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Stephen Gardiner

Bishop of Winchester; b. at Bury St. Edmund's between 1483 and 1490; d. at Whitehall, London, Nov. 12, 1555

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Gardiner, STEPHEN, Bishop of Winchester; b. at Bury St. Edmund’s between 1483 and 1490; d. at Whitehall, London, November 12, 1555. His father is believed to have been John Gardiner, a clothworker, the story attributing his parentage to Lionel Woodville being a later invention. He was educated at Trinity Hall, Cambridge, and became doctor of civil law in 1520, and of canon law in 1521. He was also elected fellow of his college. In 1524, he became one of Sir Robert Rede’s lecturers in the University, and the Duke of Norfolk chose him as tutor for his son. It was through the duke that he was introduced to the notice of Cardinal Wolsey, who immediately appreciated his talents and scholarship, and made him his own private secretary. In 1525, he was elected master of Trinity Hall, and held that office till 1549. In 1527 he accompanied Wolsey to France, where he made the acquaintance of Erasmus. He was selected in the following year as ambassador to the pope with instructions to press the matter of the divorce. He delighted the king by his success in inducing the pope to appoint a second commission, and from this time he becomes a figure of mark at court. He was rewarded with the Archdeaconry of Norwich on March 1, 1528-9, and immediately afterwards was sent again to Rome, but on this occasion he was unsuccessful. He became secretary to the king on July 28, 1529, and soon gained great influence, especially after the fall of Wolsey, his former master, to whom he was now able to be of service, especially in the preservation of his foundation of Christ’s College, Oxford.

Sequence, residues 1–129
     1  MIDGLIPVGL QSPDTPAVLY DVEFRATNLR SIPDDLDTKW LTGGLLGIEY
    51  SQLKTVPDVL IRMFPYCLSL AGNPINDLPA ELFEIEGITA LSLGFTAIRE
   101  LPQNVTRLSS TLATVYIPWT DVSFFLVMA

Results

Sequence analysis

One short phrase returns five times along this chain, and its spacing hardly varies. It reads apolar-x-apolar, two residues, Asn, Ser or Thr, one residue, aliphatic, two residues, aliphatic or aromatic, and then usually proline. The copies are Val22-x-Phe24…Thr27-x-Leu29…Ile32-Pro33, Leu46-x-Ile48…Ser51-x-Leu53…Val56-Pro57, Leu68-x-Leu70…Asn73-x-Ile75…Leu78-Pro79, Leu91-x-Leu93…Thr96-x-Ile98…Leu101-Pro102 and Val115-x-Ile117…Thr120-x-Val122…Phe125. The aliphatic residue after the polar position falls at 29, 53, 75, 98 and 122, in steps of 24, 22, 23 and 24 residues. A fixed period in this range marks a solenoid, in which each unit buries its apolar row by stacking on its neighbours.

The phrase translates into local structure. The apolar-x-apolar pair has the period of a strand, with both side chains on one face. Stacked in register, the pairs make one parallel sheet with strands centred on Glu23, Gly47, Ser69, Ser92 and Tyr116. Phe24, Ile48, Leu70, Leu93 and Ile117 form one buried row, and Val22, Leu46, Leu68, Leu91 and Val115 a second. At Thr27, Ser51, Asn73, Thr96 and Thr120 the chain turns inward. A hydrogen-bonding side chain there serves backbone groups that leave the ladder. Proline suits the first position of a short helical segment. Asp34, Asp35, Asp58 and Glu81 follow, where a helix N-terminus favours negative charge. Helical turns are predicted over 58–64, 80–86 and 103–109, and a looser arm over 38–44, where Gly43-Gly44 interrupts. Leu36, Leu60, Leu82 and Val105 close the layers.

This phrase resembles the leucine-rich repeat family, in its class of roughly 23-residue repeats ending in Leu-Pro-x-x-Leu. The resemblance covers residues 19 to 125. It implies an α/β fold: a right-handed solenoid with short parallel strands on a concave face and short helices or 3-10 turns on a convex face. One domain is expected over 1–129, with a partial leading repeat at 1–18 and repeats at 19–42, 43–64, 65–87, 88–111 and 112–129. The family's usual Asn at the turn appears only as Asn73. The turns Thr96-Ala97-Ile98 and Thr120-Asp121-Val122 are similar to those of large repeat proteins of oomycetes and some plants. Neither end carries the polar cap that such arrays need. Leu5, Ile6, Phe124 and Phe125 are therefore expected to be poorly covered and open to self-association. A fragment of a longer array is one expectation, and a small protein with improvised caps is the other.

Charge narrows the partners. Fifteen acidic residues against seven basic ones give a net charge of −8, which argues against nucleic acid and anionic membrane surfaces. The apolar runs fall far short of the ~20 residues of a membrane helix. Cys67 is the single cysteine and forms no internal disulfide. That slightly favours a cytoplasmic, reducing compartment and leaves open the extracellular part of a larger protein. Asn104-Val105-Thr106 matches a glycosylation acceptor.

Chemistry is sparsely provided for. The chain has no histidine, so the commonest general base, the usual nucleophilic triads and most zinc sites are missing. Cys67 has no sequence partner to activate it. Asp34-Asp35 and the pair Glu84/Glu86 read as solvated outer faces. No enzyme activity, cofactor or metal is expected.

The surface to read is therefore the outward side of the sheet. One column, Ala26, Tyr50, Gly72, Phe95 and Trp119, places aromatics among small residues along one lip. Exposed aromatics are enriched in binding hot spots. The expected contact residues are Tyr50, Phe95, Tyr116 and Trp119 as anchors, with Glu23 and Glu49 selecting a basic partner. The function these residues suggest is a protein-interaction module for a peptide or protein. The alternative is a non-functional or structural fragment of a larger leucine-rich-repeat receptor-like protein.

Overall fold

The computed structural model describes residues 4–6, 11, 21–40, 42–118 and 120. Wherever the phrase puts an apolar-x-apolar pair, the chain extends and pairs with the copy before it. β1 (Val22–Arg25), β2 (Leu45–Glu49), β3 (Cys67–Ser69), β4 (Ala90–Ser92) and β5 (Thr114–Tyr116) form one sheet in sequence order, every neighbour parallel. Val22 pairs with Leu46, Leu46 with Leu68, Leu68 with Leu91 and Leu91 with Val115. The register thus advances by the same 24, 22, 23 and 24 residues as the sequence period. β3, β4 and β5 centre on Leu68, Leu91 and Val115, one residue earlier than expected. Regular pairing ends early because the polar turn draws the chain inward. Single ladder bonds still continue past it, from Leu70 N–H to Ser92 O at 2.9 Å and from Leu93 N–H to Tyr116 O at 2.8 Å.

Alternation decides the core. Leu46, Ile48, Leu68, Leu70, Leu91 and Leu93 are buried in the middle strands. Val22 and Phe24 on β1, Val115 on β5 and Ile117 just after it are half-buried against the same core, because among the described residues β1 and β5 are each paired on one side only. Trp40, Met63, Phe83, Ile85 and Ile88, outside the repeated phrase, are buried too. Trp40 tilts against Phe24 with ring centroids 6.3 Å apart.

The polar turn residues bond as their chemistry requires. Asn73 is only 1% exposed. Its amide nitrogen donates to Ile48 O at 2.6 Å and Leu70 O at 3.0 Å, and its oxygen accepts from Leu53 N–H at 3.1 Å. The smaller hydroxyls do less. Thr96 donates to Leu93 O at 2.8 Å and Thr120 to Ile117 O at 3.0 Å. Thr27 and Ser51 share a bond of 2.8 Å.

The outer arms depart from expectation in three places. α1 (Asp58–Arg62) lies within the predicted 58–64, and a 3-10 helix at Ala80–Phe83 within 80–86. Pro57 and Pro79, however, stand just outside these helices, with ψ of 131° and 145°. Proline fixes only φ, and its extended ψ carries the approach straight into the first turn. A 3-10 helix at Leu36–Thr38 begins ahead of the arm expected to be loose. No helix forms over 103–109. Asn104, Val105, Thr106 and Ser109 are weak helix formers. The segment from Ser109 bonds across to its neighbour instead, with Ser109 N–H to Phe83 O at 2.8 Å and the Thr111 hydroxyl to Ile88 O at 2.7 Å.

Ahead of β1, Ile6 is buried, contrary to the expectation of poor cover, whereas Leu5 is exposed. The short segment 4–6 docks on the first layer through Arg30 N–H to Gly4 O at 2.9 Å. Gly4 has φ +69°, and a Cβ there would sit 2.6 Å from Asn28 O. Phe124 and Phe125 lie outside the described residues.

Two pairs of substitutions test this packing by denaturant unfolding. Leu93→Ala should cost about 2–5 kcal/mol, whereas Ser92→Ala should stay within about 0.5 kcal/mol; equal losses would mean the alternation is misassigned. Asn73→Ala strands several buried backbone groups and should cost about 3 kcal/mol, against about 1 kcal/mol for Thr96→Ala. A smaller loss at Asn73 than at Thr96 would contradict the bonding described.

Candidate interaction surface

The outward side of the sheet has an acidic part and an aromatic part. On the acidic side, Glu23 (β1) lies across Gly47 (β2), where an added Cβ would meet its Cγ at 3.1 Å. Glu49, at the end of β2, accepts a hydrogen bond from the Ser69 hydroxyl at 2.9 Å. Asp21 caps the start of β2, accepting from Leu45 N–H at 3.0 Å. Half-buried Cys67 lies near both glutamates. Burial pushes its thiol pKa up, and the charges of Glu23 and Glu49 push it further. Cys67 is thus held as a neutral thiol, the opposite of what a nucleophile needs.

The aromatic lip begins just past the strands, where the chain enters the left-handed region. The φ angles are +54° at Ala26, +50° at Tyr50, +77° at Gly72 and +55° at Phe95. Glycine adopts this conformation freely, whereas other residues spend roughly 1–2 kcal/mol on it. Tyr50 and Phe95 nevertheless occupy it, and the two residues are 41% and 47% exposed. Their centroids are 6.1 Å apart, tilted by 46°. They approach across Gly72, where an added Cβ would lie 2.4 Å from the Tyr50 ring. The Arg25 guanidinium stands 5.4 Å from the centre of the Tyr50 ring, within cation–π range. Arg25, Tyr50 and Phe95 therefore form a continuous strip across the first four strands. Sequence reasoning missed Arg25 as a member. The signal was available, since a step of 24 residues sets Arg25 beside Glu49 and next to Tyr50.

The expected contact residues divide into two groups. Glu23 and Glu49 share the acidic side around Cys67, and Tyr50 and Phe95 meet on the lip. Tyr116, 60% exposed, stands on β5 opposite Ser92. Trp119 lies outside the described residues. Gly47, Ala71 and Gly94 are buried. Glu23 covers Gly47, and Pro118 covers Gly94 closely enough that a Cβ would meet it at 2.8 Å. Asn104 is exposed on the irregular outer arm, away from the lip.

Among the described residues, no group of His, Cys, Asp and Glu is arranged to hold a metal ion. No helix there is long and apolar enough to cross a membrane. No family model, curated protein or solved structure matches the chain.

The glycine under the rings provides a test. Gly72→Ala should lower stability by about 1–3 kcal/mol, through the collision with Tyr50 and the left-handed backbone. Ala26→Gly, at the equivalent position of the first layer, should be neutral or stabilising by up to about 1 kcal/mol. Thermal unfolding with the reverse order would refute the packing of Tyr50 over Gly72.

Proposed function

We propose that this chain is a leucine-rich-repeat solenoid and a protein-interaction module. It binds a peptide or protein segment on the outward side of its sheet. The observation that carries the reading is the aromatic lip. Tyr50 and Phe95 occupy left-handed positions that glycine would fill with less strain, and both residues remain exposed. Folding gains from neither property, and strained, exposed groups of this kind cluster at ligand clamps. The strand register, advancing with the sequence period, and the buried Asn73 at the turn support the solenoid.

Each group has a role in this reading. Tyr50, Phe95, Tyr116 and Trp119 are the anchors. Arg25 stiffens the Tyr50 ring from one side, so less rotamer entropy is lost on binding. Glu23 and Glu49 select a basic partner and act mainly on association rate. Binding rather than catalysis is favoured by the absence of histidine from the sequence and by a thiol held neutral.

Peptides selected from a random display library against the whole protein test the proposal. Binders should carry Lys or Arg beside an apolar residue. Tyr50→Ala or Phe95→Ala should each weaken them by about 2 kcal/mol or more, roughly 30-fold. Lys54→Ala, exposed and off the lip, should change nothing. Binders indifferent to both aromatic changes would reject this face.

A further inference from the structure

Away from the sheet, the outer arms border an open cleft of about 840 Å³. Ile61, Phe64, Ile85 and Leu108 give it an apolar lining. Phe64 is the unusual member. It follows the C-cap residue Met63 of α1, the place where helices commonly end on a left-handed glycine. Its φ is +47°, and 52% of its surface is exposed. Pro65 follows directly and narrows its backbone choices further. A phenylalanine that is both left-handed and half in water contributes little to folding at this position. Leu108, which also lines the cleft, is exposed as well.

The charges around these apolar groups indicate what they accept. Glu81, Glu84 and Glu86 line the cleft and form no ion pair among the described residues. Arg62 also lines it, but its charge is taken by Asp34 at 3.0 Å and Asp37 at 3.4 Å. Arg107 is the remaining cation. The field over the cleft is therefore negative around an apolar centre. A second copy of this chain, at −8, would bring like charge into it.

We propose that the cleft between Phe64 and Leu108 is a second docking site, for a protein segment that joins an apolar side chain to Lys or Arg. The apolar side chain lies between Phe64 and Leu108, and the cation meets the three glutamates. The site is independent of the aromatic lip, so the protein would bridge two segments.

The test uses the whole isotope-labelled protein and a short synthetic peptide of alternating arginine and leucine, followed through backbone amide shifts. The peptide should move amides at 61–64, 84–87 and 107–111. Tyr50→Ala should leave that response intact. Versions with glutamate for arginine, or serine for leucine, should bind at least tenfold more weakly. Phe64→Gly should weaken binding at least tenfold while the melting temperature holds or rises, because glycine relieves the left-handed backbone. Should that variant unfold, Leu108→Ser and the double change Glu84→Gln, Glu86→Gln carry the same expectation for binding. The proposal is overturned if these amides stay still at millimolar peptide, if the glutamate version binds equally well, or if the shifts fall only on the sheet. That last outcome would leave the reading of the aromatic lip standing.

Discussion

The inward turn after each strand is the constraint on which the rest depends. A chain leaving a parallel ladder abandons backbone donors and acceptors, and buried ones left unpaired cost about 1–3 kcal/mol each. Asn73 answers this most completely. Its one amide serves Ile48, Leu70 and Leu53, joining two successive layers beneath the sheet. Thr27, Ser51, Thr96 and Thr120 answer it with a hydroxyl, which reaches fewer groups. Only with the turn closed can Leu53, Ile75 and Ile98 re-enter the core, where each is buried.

His new power brought quick advancement. In 1531 he was made archdeacon of Leicester, while Oxford University conferred the doctorate of laws upon him, and late in the year he was elected Bishop of Winchester. He was consecrated on November 27, and from this time began to show more independence of action, though he still remained high in the royal favor. Shortly after his consecration he spent two months in France as ambassador, but on his return he began to preach in his diocese and to administer the see with more personal interest than had been expected from a courtier-prelate. That he was now less at court was thought to be due to the fact that he had formed definite opinions against the king on the divorce question. Pope Clement certainly believed this (“Letters and Papers

Henry VIII“, V, 561) but not withstanding such reports Gardiner acted as assessor in the Court which declared the marriage of Henry and Catherine null and void, and he also took an active part in the coronation of Anne Boleyn.